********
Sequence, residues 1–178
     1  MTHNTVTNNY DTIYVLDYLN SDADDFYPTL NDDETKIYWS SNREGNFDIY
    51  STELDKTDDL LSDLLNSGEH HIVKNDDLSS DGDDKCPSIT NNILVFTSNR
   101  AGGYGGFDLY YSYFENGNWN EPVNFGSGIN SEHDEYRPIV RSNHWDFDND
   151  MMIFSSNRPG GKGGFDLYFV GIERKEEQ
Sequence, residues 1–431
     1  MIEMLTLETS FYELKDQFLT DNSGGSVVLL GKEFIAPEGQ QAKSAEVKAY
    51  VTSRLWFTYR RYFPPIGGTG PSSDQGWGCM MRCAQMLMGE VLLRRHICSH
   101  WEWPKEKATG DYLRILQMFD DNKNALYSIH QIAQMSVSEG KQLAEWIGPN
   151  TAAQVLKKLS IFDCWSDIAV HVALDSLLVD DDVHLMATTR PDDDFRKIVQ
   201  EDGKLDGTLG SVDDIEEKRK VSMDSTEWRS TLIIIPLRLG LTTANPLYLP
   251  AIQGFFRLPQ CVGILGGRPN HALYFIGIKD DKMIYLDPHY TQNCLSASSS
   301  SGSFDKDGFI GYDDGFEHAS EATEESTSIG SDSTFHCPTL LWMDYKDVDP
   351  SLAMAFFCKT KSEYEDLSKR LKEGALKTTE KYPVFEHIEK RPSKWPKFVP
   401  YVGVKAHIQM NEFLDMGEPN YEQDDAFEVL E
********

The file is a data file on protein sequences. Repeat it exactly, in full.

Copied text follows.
Sequence, residues 1–178
     1  MTHNTVTNNY DTIYVLDYLN SDADDFYPTL NDDETKIYWS SNREGNFDIY
    51  STELDKTDDL LSDLLNSGEH HIVKNDDLSS DGDDKCPSIT NNILVFTSNR
   101  AGGYGGFDLY YSYFENGNWN EPVNFGSGIN SEHDEYRPIV RSNHWDFDND
   151  MMIFSSNRPG GKGGFDLYFV GIERKEEQ
Sequence, residues 1–431
     1  MIEMLTLETS FYELKDQFLT DNSGGSVVLL GKEFIAPEGQ QAKSAEVKAY
    51  VTSRLWFTYR RYFPPIGGTG PSSDQGWGCM MRCAQMLMGE VLLRRHICSH
   101  WEWPKEKATG DYLRILQMFD DNKNALYSIH QIAQMSVSEG KQLAEWIGPN
   151  TAAQVLKKLS IFDCWSDIAV HVALDSLLVD DDVHLMATTR PDDDFRKIVQ
   201  EDGKLDGTLG SVDDIEEKRK VSMDSTEWRS TLIIIPLRLG LTTANPLYLP
   251  AIQGFFRLPQ CVGILGGRPN HALYFIGIKD DKMIYLDPHY TQNCLSASSS
   301  SGSFDKDGFI GYDDGFEHAS EATEESTSIG SDSTFHCPTL LWMDYKDVDP
   351  SLAMAFFCKT KSEYEDLSKR LKEGALKTTE KYPVFEHIEK RPSKWPKFVP
   401  YVGVKAHIQM NEFLDMGEPN YEQDDAFEVL E